Tax

CONSTRUCTION INDUSTRY SCHEME – THE FACTS!!

Types of work that are covered by the scheme

The scheme covers all construction work carried out in the UK, including jobs such as:

  •  site preparation
  •  alterations
  •  dismantling
  •  construction
  •  repairs
  •  decorating
  •  demolition


The UK includes UK territorial waters up to the 12-mile limit.

The scheme doesn’t apply to construction work carried on outside the UK. However, a business based outside the UK and carrying out construction work within the UK is within the scheme and must register accordingly.

Types of businesses that are covered by the scheme

The scheme covers all types of businesses and other concerns that work in the construction industry, including:

  •  companies
  •  partnerships
  •  self-employed individuals


These businesses can be:

  •  contractors
  •  subcontractors
  •  contractors and subcontractors


Under the scheme, the terms ‘contractor’ and ‘subcontractor’ have special meanings that cover more than is generally referred to as ‘construction’.


Contractor

A contractor is a business or other concern that pays subcontractors for construction work.

Contractors may be construction companies and building firms, but may also be government departments, local authorities and many other businesses that are normally known in the industry as ‘clients’.

Subcontractor

A subcontractor is a business that carries out construction work for a contractor.

Businesses that are contractors and subcontractors

Many businesses pay other businesses for construction work but are themselves paid by other businesses too. When they’re working as a contractor, they must follow the rules for contractors and when they’re working as a subcontractor, they must follow the rules for subcontractors.

Registering for the scheme

All contractors must register with HMRC for the CIS. Subcontractors who don’t wish to have deductions made from their payments at the higher rate of deduction should also register with HMRC. HMRC will provide registration details that contractors and subcontractors will need to use when they deal with payments.

Verifying subcontractors

Before a contractor can make a payment to a subcontractor for construction work, they may need to verify with HMRC that the subcontractor is registered. HMRC will check whether the subcontractor is registered and then tell the contractor the rate of deduction they must apply to the payment, or whether the payment can be made without any deductions.

Making deductions from payments

Under the scheme, all payments made from contractors to subcontractors, must take account of the subcontractors’ tax status. This may require the contractor to make a deduction, which they then pay to HMRC from that part of the payment that does not represent the cost of materials incurred by the subcontractor.

If no deduction is required, the contractor can make the payment to the subcontractor in full.

If a deduction is required, the contractor must:

  • calculate the deduction
  • make the deduction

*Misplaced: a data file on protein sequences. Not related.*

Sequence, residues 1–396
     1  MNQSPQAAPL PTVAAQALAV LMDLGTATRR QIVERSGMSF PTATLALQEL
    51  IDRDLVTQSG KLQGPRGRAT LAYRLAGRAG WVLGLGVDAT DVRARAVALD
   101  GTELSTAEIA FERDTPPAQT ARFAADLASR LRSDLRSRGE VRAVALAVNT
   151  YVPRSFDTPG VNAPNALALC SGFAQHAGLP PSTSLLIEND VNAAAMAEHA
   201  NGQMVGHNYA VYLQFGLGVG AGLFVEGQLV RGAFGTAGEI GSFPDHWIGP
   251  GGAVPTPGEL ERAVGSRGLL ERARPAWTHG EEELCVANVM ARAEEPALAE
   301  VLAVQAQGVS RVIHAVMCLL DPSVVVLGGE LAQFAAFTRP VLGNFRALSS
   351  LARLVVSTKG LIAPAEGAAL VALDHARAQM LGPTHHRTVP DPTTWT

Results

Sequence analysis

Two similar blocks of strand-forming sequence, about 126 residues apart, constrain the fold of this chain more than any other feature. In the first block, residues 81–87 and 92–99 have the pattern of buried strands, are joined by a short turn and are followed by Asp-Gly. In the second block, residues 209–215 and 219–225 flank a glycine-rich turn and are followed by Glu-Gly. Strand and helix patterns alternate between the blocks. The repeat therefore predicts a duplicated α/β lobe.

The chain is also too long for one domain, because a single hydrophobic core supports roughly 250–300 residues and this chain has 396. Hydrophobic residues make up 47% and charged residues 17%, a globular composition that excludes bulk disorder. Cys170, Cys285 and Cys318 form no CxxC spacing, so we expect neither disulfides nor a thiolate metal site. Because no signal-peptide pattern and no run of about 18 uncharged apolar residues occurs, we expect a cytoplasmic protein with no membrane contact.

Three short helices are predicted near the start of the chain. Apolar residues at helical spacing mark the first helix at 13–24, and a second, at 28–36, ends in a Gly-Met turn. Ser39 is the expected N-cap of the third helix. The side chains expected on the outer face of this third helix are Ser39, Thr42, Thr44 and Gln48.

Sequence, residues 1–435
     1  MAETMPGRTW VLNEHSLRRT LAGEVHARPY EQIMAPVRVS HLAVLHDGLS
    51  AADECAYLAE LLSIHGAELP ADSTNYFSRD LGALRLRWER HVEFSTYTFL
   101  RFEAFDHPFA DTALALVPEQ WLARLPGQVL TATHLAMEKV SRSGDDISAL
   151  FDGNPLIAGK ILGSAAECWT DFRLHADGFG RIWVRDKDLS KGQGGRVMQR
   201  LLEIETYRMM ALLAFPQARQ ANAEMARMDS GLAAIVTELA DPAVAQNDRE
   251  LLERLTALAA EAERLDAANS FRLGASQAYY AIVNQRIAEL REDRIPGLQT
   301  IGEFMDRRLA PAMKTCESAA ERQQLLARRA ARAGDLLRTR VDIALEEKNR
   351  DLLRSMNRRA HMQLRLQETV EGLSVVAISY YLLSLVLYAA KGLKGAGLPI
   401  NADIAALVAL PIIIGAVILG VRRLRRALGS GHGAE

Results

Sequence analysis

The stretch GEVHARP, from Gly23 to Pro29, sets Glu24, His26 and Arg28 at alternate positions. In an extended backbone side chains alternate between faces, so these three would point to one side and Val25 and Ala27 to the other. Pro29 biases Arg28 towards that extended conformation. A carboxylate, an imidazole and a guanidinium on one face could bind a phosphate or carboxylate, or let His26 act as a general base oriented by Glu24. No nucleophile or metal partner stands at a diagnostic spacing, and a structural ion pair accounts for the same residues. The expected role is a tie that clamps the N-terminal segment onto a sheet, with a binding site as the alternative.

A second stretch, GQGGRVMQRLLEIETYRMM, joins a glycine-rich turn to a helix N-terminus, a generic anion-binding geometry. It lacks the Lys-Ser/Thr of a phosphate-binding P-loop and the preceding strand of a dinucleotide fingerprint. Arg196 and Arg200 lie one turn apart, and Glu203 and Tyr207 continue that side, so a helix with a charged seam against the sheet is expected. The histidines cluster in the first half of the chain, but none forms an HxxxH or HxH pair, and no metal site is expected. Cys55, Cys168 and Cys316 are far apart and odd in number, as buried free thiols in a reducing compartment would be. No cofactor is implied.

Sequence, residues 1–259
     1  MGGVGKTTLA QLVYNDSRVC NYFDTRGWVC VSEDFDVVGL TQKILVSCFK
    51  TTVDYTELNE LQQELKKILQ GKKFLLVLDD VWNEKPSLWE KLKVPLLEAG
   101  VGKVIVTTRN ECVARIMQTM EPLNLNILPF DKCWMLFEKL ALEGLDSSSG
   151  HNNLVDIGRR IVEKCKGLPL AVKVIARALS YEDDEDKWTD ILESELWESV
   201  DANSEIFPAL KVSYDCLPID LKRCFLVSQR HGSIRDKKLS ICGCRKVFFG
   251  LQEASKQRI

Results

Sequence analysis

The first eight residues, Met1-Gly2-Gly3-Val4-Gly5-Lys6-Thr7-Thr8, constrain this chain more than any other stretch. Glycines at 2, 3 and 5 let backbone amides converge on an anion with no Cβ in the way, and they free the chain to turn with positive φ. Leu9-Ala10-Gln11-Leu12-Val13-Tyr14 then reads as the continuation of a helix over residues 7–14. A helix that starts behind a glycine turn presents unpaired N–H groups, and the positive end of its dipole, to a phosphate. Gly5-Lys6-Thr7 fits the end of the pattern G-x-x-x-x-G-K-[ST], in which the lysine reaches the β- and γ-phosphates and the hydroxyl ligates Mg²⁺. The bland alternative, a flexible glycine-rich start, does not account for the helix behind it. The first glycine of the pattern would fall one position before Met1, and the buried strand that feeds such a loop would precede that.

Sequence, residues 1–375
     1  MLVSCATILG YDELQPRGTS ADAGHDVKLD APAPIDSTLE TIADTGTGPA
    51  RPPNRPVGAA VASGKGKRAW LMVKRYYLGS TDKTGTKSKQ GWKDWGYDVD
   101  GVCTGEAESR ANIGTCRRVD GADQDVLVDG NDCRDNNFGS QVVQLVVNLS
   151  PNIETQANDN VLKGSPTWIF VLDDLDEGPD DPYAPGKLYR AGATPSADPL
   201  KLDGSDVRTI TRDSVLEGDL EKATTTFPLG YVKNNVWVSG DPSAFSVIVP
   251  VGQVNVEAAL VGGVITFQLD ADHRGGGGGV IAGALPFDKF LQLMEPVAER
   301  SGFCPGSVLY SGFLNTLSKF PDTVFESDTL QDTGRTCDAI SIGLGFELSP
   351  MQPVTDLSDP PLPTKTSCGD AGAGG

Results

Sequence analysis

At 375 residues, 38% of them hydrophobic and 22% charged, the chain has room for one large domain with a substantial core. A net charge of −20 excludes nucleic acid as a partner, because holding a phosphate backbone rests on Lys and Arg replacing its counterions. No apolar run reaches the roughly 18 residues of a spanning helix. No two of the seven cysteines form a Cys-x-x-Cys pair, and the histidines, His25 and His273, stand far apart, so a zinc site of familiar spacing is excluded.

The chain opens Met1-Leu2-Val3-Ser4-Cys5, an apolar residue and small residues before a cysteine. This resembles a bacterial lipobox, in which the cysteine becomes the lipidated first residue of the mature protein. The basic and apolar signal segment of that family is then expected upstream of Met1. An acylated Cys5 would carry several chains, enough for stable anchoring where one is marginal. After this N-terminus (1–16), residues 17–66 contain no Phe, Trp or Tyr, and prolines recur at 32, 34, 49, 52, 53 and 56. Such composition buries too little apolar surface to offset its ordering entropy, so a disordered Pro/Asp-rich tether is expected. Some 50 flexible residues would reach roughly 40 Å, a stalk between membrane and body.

• record details of the payment, materials and deduction
  • make the net payment to the subcontractor
  • complete and give the appropriate statement of deduction to the subcontractor 


Returns

Each month, contractors must send HMRC a complete return of all the payments they have made within the scheme or tell HMRC that they have made no payments. The return will include:

  • details of the subcontractors
  • details of the payments made, and any deductions withheld
  • a declaration that the employment status of all subcontractors has been considered
  • a declaration that all subcontractors that need to be verified have been verified

 

Payments to HMRC

Each month, or quarter in some cases, contractors must send HMRC a payment for the deductions they’ve made from subcontractors.

How subcontractors pay tax

Subcontractors have to make a return of their profits each year, and their tax liability is based on that return. A subcontractor may already have paid tax by payments on account or had deductions made, as shown on the payment and deduction statements given to them by their contractors.

If the amount already paid or deducted is greater than the amount due, HMRC will repay the excess. If there is a shortfall, then the subcontractor must make a balancing payment.

Subcontractors setting off deductions

Subcontractors that are limited companies should set off deductions they bear on their receipts against the following sums payable to HMRC:

  • PAYE tax due from the company’s employees
  • Employers’ and employees’ National Insurance contributions due
  • Student Loan repayments due from the company’s employees
  • CIS deductions made from the company’s subcontractors


At the end of the tax year, once HMRC have received the company’s final Full Payment Submission (FPS) and final EPS, any excess CIS deductions that cannot be set off may be refunded or set against Corporation Tax due. No repayments or set-offs against other liabilities can be made in-year except where the company is in liquidation or administration.

Further guidance:
HMRC and CIS (click here)
What you need to do as a contractor (click here)
What you need to do as a subcontractor (click here)
CIS and VAT – further changes (click here)
DansonOsborne Accountants (contact us)